#   list-defined-functions.sh           # Run in current shell with plenty of predefined functions
#

# Example predefined function
foo() { echo 'y'; }

# Retain original function list
# If this script is run a second time, keep the list from last time
[[ $original_function_list ]] || original_function_list=$(compgen -A function)

# Create some new functions...
myfunc() { echo "myfunc is the best func"; }
function another_func() { echo "another_func is better"; }
function superfunction { echo "hey another way to define functions"; }
# ...

# function goo() { echo ok; }

[[ $new_function_list ]] || new_function_list=$(comm -13 \
    <(echo $original_function_list) \
    <(compgen -A function))

echo "Original functions were:"
echo "$original_function_list"
echo 
echo "New Functions defined in this script:"
echo "$new_function_list"
7
  • Why the echo? <(compgen -A function) would be more efficient. Might also put the work of the grep into the awk line: awk '/>/ {print $2}', removing the redundency there. Actually -- better to ditch diff altogether; it's vastly less efficient than comm when all you want to do is set comparisons. Aug 29 '14 at 14:43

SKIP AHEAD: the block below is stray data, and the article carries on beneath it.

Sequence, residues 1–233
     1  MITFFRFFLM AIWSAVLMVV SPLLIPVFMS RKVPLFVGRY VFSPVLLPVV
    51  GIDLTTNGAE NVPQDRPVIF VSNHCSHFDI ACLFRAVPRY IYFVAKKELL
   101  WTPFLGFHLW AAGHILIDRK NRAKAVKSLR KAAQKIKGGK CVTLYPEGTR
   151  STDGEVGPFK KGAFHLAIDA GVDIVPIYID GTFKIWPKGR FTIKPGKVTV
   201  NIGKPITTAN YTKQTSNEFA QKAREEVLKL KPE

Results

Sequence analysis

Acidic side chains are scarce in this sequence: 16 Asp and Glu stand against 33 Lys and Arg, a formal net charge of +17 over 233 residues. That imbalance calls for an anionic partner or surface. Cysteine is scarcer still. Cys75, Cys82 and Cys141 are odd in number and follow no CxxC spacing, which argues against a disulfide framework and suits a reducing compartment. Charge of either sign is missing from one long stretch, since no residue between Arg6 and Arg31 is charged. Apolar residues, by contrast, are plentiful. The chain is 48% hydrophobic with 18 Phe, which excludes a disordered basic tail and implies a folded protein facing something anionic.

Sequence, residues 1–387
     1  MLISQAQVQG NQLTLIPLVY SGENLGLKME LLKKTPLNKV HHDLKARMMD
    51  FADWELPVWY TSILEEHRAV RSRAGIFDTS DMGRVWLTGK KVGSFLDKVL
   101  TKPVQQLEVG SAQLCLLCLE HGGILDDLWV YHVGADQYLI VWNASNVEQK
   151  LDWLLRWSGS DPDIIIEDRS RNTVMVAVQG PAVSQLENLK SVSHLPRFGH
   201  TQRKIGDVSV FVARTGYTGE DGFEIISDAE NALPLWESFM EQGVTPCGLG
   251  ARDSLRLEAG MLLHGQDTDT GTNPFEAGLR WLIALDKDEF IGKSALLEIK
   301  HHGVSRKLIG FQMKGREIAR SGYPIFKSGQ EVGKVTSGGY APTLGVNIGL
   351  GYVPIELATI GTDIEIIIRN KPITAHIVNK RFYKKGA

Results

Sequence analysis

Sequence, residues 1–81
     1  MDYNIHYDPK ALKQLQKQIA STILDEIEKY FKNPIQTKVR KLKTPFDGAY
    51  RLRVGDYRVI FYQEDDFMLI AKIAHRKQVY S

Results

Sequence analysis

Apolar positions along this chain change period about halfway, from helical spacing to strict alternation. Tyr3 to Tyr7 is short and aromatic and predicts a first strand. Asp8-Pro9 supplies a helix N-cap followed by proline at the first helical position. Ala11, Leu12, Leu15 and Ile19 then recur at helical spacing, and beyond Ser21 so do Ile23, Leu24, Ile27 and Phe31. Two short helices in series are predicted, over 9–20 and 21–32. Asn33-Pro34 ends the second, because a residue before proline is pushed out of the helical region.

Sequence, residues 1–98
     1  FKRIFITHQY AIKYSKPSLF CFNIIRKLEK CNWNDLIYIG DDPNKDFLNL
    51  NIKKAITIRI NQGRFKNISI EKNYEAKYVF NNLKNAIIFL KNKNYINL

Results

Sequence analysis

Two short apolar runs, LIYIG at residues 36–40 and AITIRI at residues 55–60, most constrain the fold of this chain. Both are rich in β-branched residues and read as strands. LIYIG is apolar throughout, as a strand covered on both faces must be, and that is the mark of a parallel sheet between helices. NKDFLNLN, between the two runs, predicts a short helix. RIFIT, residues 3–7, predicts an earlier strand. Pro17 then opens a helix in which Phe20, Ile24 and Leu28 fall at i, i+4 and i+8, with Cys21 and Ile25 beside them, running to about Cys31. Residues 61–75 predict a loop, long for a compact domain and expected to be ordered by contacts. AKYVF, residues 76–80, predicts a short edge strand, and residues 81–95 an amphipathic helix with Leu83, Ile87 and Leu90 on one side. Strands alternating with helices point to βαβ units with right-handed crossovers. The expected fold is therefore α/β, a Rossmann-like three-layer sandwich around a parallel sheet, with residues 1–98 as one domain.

• (Beyond that -- nifty! The question this answers isn't the one that I asked, but it's still moderately useful to have around in case someone else stumbles upon this question looking for something different). Aug 29 '14 at 14:46
  • Thanks Charles! I've learned so much about Bash over the last week. Workin' on a boilerplate type thing at the moment to try and learn cool stuff. gist.github.com/deanrather/5719199 Aug 29 '14 at 15:31
  • 1
    ...compare foo='*'; echo $foo to foo='*'; echo "$foo". Aug 29 '14 at 15:51
  • 1
    You don't need to make it read-only, you only need to check whether it's set. [[ $original_function_list ]] || original_function_list=$(...) Aug 29 '14 at 16:29